Bystander Intervention is the interruption of behavior or speech by someone who is present for or a bystander to that behavior or speech. More simply, it is spontaneously helping in a situation when help is needed.
Action Zone Bystander Intervention training teaches members of the NYU community strategies to effectively intervene in concerning or emergency situations in which no one else has yet taken action to help. In a higher education setting, Bystander Intervention techniques are most often applied to circumstances of alcohol misuse, sexual assault, bias incidents, and mental health challenges.
Bystander intervention is not just about helping in challenging moments, but also about changing social norms and promoting community. Active bystanders pay attention, speak up, take initiative, and defy conformity.
To learn more, request or enroll in an Action Zone training session, or check out these resources:
If someone you know has been sexually assaulted:
If someone you know is showing signs of distress or crisis – for example: references to death, withdrawal from friends, loss of interest in school or other activities, abrupt changes in mood, etc.:
- Question: Ask questions to see how the person is doing; point out specific concerns you have
- Persuade: Encourage the person to seek and accept help
- Refer: Refer the person to specific, appropriate resources (offer to call on their behalf)
In order to be effective allies to others, we can and should speak up if we hear oppressive comments. Avoiding the comment or confronting the speaker aggressively may make the situation worse. The “Shifting the Person” method can be a useful approach:
Being an ally to someone in need doesn’t have to be a huge production. Simple actions can change someone’s day for the better: if the person behind you on line to buy coffee seems to be in a really big hurry, let them go ahead; pay a shy classmate a compliment; give up your seat on the subway to someone who’s carrying something heavy. Opportunities abound to practice your Bystander Intervention skills in safe and positive ways, and this practice can help build your confidence to intervene in tougher situations.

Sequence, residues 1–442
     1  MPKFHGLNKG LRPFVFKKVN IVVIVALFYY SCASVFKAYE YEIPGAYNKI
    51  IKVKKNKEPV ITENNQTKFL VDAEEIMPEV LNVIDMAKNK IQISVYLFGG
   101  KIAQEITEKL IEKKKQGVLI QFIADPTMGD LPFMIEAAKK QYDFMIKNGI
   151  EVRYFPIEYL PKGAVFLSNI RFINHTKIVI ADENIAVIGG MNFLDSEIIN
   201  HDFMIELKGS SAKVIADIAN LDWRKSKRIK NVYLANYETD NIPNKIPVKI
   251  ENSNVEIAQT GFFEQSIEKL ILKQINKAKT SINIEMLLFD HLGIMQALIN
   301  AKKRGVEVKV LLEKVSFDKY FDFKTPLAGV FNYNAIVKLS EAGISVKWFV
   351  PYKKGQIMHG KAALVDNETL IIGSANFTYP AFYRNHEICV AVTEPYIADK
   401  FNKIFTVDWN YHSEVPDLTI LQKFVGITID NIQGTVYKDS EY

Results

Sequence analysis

In some situations, it can be most effective to intervene using an indirect approach. These include: when the bystander is witnessing a physical conflict between two people or wants to help someone in distress, in an emergency that requires medical or other professional skills, or when the situation at hand just doesn't feel safe. Following are some resources you can use when direct intervention is not possible or helpful, or when arming yourself and/or others with information is the best option.
Counseling and Wellness Services
Health Promotion Office
STI Testing at the Student Health Center
May be scheduled through:
Primary Care: 212-443-1122
Women’s Health: 212-443-1166
Moses Center for Students with Disabilities
Residential Life and Housing Services
LGBTQ Student Center
Center for Multicultural Education and Programs
Center for Spiritual Life
Wasserman Center for Career Development
Quit & Win Smoking Cessation
Office of Equal Opportunity (Title IX Coordinator’s office)
Sexual Respect at NYU
In case of emergency, call 911
NYPD Sex Crimes Report Line
Bellevue Hospital Rape Crisis Program
462 1st Ave, CD Building, Room CD408
Beth Israel Medical Center Rape Crisis & Domestic Violence Intervention
317 East 17th Street, 4th Floor
Rape, Sexual Assault, Incest: 212-227-3000
Crime Victims/Crisis Support: 866-689-HELP
Domestic Violence: 800-621-4673
Callen-Lorde Health Center
Gay and Lesbian Anti-Violence Project
National Domestic Violence Hotline
Intergroup (Alcoholics Anonymous of NYC)
307 Seventh Avenue (West 28th St.), Room 201
Click here for a list of student-recommended 12 Step programs at and near Washington Square
It’s often best to consult or enlist resources like these rather than diving headfirst into a dicey or confusing situation. When in doubt, get help giving help.